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Astron. Astrophys. 361, 369-378 (2000)

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4. On the initial assumptions and numerical integration

Assuming the creation of cometary nuclei in molecular clouds, it seems to be reasonable to suppose that their number density in an element of volume is roughly linearly proportional to the density of cloud material in this volume.

The mathematical cloud model described by Eqs. (10) and (11) extends to an infinite radius. In practice, we need to constrain the size of the cloud, when we construct the initial distribution of the hypothetical nuclei: since we terminate the numerical integration of motion of a given nuclei when the nebular mass inside reaches [FORMULA] (see Sect. 3), we consequently perform the numerical integration only for those hypothetical nuclei that are inside the infalling shock front at the beginning of integration. To evaluate the possible influence of the nuclei outside the shock front on the resulting distribution, we construct one distribution containing only the nuclei initially inside of shock front and another distribution containing also the nuclei initially outside of this front, in which their resulting distribution is identical to their initial distribution (no integration of their motion is performed). It is convenient to consider the nuclei outside the shock front up to a heliocentric distance at which their number density does not decrease below about one order of the number density at the distance of shock front in the collapse beginning, i.e. up to a distance, where [FORMULA] (in other words, up to [FORMULA] or [FORMULA] for the model with [FORMULA] or [FORMULA], respectively).

Concerning the velocity magnitudes, we assume a Maxwell-Boltzmann distribution with the most probable velocity [FORMULA] (the peak of the distribution).

Specifically, we assume, in the beginning of the collapse, that there are

[EQUATION]

hypothetical cometary nuclei in each element of volume, [FORMULA], of the considered cloud, which move in the direction of a given elementary space angle, [FORMULA], characterized by angles [FORMULA], [FORMULA], with the initial velocity ranging from [FORMULA] to [FORMULA]. [FORMULA] is a constant proportional to the total number of cometary nuclei in the cloud, [FORMULA] and [FORMULA] are the densities of material in the given element of volume and in the centre of the nebula, respectively.

Because of symmetries, we can analytically integrate through all the possible values [FORMULA], [FORMULA], and [FORMULA] and thus simplify Eq. (13) resulting in

[EQUATION]

In our particular case, we consider the grid points constructed putting [FORMULA], [FORMULA], and [FORMULA]. The quantity [FORMULA]AU is the radius of the shock front at the beginning of the collapse. The circular velocity at [FORMULA] at the beginning of the collapse, [FORMULA]m s-1, is chosen as a characteristic velocity scale. In the integration, the range of the individual variables is: [FORMULA], [FORMULA], and [FORMULA] (the upper limit, [FORMULA], was chosen to satisfy the requirement that the number of nuclei moving with this velocity has to be less than [FORMULA] of those moving with maximal velocity [FORMULA], i.e. the number of nuclei above the limit is negligible).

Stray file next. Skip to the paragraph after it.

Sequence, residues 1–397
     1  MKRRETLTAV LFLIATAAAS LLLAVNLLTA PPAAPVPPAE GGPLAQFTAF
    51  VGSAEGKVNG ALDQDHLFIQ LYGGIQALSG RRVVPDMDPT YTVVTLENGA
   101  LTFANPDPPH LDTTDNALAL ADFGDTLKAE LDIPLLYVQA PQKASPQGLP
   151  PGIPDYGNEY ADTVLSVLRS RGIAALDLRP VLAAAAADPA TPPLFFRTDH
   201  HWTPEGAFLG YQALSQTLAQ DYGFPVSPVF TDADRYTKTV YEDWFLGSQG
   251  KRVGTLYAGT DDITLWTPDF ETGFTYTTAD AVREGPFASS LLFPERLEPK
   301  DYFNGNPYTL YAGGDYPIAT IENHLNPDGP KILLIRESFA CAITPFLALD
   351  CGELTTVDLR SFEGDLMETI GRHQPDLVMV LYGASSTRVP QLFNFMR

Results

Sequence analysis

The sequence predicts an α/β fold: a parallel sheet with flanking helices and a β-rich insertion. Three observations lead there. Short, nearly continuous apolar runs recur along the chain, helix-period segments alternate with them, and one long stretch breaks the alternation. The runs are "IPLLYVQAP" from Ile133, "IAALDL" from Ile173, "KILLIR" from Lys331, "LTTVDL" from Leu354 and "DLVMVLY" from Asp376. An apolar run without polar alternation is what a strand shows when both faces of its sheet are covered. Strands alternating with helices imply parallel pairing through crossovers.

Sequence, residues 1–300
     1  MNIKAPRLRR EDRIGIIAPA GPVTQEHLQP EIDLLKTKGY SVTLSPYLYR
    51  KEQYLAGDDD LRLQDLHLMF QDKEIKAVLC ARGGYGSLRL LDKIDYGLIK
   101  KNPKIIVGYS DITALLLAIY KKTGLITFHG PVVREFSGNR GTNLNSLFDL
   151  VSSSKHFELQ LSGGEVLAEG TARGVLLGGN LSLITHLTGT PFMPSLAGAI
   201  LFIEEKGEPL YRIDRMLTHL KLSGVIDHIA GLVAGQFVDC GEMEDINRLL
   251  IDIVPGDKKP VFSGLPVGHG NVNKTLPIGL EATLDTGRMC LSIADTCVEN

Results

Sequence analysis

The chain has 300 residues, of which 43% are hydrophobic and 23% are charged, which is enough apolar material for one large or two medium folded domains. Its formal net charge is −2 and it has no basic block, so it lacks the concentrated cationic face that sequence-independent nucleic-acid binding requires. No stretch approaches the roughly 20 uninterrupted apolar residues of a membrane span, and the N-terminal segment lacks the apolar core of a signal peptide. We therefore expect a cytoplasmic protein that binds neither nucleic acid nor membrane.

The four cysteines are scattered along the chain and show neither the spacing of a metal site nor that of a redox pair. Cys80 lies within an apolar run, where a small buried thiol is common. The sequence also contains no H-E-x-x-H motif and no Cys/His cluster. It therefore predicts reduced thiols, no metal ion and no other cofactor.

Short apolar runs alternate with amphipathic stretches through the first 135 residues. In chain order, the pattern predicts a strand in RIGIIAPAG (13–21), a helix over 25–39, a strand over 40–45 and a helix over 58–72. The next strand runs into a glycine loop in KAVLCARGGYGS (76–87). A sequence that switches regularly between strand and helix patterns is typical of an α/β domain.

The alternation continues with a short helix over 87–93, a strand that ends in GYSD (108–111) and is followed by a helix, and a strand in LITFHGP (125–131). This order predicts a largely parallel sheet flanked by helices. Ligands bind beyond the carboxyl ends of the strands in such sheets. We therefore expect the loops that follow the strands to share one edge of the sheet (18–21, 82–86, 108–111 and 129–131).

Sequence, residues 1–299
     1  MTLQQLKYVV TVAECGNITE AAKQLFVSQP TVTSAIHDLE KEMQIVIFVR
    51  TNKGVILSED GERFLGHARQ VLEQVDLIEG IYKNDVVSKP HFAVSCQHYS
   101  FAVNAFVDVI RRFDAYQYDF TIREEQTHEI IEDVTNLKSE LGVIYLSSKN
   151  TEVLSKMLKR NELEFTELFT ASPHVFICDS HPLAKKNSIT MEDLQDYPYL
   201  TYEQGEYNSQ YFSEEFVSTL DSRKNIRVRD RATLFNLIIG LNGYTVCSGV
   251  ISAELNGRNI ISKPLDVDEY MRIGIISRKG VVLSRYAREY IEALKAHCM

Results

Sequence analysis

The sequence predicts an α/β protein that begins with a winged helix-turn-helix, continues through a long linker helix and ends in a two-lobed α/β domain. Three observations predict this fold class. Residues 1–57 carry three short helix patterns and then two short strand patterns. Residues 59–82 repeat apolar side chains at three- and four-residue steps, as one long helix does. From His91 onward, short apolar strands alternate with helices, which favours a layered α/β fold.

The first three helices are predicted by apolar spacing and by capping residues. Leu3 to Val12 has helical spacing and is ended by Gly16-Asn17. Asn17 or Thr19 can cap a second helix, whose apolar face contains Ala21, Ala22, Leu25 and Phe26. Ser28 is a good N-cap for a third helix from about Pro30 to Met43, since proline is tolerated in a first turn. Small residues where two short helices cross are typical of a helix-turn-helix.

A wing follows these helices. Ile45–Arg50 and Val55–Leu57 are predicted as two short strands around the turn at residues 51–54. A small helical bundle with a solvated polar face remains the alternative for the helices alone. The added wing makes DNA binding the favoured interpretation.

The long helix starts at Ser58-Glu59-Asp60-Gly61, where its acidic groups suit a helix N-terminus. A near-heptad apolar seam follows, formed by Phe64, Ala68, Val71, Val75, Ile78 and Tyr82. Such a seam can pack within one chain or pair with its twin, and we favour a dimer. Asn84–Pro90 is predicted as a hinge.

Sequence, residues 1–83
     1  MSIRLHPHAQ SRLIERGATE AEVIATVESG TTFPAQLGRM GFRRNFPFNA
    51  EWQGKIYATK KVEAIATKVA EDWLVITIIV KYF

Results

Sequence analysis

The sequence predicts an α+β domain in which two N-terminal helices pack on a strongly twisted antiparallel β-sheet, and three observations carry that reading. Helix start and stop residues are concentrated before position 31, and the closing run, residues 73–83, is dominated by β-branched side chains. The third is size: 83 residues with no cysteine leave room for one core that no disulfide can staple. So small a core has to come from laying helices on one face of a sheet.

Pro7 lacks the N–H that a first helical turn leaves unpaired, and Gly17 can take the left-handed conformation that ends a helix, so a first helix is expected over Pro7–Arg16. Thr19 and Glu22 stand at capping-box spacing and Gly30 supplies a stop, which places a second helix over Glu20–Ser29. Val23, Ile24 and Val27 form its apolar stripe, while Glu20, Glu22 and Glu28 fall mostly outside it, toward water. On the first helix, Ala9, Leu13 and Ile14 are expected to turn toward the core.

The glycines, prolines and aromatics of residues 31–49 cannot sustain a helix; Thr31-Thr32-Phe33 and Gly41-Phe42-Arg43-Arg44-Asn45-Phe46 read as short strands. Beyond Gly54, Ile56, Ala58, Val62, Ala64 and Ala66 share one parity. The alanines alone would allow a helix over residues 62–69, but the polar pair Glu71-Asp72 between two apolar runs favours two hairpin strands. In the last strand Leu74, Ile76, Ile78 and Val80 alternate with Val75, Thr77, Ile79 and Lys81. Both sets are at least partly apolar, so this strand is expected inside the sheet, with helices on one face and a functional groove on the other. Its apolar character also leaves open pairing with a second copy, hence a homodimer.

The most probable velocity, [FORMULA], is a free parameter in the integration. We perform a series of six integrations with [FORMULA] equal to 0.250, 0.375, 0.500, 0.625, 0.750, and 0.875[FORMULA].

The integration is performed using the Runge-Kutta method of numerical integration.

As we already mentioned (Sect. 3), no exact description of the end of the protosolar nebula collapse has been made, therefore we are compelled to terminate each integration prematurely: we terminate it when the mass contained within the interior of the sphere of radius equal to the distance of the nucleus from the centre the nebula reaches [FORMULA]. A further collapse above this mass was improbable. It appears that a nucleus spirals toward the centre during the collapse. When the collapse is artificially turned into an expansion (changing the sign of time), then the nucleus begins to spiral outward. Taking this into account, the premature termination of the integration implies that our resulting orbits should be regarded as minimum-distance orbits.

Apart from the above termination, we also terminate the integration, when the nucleus approaches the centre of the nebula at a distance less than [FORMULA]AU. Such a nucleus is regarded as incorporated in the protoplanetary disc. Moreover, we check whether the nucleus enters a region having density higher than [FORMULA]kg m-3 (critical density at which the material begins to be heated (Gaustad 1963) and the model of collapse used becomes inadequate). Eventually we check that the force of drag in the cloud material decelerating the nucleus does not exceed [FORMULA] of the gravitational force assuming the minimum acceptable mean density of the cometary nucleus of [FORMULA]kg m-3 (Rickman 1987; Rickman et al. 1987), i.e. the maximum efficiency of drag deceleration. Such a deceleration could debase the result of given numerical integration. It appears that neither of these two latter cases occur at [FORMULA] AU.

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© European Southern Observatory (ESO) 2000

Online publication: September 5, 2000
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